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How I Do It: Single Ventricle Palliation with Norwood/Sano, Bidirectional Glenn, and Extracardiac Fontan
O'Donnell A, Tweddell J. How I Do It: Single Ventricle Palliation with Norwood/Sano, Bidirectional Glenn, and Extracardiac Fontan. April 2023. doi:10.25373/ctsnet.22709626
The following videos are a posthumous tribute to Dr. James Tweddell to demonstrate and share his innumerable contributions to the field of congenital heart surgery. This video is part of a larger effort to accurately illustrate how Dr. Tweddell fine-tuned his single-ventricle palliative procedures, amongst others.
Stage I Palliation (SIP): Norwood with Sano (Right-Ventricle-to-Pulmonary-Artery Conduit)
First, a median sternotomy was performed. Antibiotic-soaked sponges were placed between the sternal plates and sternal retractor. A subtotal thymectomy was then performed. The right lobe was excised and the left lobe preserved, which is only done if feasible. The pericardium was divided and suspended. The innominate vein was then encircled and controlled with umbilical tape. The vein was retracted for dissection of brachiocephalic vessels, and the ascending aorta was separated from the pulmonary artery. The aortic arch, brachiocephalic vessels, and pulmonary arteries were then circumferentially dissected. All vessels were encircled loosely with fine silk tie. The right common carotid and right subclavian arteries were test-snared while monitoring the near infrared spectrometer (NIRS) and arterial line. The right common carotid (RCCA) and right subclavian arteries (RSCA) snares were then affixed to drape.
Next, the innominate artery was isolated for shunt anastomosis by lowering snares on the RCCA and RSCA and placing a Cooley carotid artery clamp on the base of the innominate artery. 100 U/kg of heparin was administered. The shunt acts as the arterial limb of the cardiopulmonary bypass (CPB) circuit. A longitudinal arteriotomy was then made along the isolated vessel. Retraction sutures were placed along the edges of the incision. A 3.5 mm graft of expanded polytetrafluoroethylene (ePTFE - Gore-Tex) was then selected. The graft was beveled with blue markings along the anterior surface. A small cut was made along the inferior edge of the bevel creating a “cobra head,” or widely patent, type of connection. Anastomosis was then completed with continuous 8-0 Prolene sutures. Following the anastomosis, the snares and clamp were all released individually to ensure vessel patency. Residual peri-shunt bleeding was addressed prior to CPB.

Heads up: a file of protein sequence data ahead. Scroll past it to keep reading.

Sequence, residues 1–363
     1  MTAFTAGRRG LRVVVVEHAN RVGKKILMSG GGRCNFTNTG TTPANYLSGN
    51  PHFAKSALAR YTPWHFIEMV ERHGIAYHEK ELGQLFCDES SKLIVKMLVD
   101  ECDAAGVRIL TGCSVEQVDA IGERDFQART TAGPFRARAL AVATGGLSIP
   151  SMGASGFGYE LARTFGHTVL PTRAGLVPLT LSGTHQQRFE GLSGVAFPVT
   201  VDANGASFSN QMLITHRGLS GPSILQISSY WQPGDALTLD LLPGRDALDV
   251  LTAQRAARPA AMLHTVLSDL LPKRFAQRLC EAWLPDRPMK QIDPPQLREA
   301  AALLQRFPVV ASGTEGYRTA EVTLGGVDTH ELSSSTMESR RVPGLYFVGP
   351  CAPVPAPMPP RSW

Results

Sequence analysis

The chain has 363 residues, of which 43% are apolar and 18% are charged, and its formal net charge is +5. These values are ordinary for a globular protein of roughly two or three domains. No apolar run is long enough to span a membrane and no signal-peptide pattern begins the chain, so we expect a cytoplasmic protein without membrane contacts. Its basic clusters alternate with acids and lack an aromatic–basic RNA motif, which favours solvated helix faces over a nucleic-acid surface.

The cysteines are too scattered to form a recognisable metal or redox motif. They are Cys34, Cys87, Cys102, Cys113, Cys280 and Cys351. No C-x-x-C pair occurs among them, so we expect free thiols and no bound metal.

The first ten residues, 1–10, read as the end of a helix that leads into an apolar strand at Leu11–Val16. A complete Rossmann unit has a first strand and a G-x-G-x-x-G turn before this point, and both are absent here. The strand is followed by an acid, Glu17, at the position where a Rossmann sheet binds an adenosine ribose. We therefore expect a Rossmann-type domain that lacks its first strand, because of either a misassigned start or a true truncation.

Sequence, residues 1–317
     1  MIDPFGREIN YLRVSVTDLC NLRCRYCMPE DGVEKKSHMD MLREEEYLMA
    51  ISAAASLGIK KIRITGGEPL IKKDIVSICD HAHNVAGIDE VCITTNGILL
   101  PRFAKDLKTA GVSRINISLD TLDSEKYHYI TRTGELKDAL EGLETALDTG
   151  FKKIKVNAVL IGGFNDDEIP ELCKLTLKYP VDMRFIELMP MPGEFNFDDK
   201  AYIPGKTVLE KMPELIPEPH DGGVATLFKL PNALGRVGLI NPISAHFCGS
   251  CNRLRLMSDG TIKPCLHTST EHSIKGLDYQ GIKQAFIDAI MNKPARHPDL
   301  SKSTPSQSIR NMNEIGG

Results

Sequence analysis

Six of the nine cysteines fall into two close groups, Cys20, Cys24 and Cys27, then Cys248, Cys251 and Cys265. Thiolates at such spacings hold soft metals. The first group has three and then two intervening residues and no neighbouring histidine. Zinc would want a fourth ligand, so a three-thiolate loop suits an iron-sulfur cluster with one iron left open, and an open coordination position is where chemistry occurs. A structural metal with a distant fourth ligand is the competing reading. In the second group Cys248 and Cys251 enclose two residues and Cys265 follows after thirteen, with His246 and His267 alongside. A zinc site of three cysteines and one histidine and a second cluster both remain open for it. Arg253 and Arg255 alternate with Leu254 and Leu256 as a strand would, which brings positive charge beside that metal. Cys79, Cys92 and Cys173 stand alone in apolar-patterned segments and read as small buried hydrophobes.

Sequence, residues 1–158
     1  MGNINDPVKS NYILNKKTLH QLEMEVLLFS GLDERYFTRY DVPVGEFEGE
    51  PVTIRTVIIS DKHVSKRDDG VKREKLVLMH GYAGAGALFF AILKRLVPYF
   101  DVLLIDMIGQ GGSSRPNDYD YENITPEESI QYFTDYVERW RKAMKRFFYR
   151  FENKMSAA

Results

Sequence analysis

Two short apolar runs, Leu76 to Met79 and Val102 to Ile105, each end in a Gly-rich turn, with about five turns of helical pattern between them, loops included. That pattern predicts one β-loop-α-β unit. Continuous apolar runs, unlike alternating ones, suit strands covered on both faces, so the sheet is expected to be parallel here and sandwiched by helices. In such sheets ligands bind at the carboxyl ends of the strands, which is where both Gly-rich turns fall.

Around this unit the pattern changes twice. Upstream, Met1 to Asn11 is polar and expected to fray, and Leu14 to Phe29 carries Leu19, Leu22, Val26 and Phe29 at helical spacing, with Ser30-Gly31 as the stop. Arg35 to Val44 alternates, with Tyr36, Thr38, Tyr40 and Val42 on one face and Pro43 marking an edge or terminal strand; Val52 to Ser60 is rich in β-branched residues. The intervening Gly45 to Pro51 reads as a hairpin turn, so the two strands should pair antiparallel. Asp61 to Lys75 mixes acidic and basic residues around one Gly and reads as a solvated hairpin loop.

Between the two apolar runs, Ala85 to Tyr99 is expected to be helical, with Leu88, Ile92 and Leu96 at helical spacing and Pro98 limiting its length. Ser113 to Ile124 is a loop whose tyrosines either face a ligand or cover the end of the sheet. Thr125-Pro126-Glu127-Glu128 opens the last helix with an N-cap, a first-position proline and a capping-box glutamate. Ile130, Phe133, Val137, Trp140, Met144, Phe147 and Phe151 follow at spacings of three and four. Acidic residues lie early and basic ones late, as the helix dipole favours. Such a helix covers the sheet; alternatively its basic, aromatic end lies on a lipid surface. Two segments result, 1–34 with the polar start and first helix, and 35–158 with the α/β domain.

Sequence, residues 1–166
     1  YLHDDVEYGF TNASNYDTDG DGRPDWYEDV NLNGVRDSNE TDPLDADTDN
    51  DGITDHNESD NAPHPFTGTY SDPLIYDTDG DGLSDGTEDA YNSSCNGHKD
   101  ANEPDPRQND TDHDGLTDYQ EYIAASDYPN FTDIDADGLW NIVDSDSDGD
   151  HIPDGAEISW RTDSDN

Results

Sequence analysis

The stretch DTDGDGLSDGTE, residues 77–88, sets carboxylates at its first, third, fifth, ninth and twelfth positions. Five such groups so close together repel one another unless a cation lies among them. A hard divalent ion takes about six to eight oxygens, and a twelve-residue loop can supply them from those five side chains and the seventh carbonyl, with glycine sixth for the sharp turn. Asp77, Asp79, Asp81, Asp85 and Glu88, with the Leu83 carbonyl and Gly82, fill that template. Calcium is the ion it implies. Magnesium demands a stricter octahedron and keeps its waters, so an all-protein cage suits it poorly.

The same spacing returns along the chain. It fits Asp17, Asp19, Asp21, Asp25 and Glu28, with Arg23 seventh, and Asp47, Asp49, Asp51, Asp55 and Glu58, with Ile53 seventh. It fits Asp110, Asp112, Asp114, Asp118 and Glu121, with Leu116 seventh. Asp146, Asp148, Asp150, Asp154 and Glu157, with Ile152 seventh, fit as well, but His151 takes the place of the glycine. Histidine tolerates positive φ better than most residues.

A full dose of heparin was then administered (400 U/Kg). Purse-string sutures were placed in the right atrial appendage for the venous cannula and the right atrial free wall for a ventricular vent. The shunt was cannulated with an 8 Fr arterial cannula and secured with silk ties. The right atrial appendage was cannulated with a 14 Fr right-angle cannula. A CO2 line was brought onto the field and secured to the diaphragm with a silk suture. The CO2 line was left in place and on until the patient was separated from CPB. The ductal snare was then lowered. Full flow CPB was then reached. The distal aortic arch was mobilized via blunt dissection. Next, patient cooling began. The patient was cooled for more than 30 minutes or until a bladder temp of less than 20 C was reached. The left common carotid (LCCA) and left subclavian arteries (LSCA) were further dissected and loosely encircled with fine silk snares. Snares were lowered on the branch pulmonary arteries (PAs) and the vent was placed through the right atrial free wall purse string.
A cryopreserved patch of thick pulmonary homograft was thawed prior to bypass. This patch was used to fashion two patches. The first was a 3 cm by 3 cm half-circle patch for the anterior patch aortoplasty. The second was a small circular patch which would be used to patch the branch PA confluence.
The main pulmonary artery was transected proximal to the bifurcation of the branch PAs. Traction sutures were placed in the anterior pulmonary artery root and anterior surface of the branch PA confluence. The branch PA confluence was closed, utilizing the small circular pulmonary homograft patch. The patch was then secured to the confluence with a continuous 7-0 Prolene sutures. Following the anastomosis, the ductal snare was released briefly to pressure test the patch and identify any sites that required suture repair. These sites were repaired as needed with simple interrupted 7-0 Prolene sutures. The ductal snare was then relowered.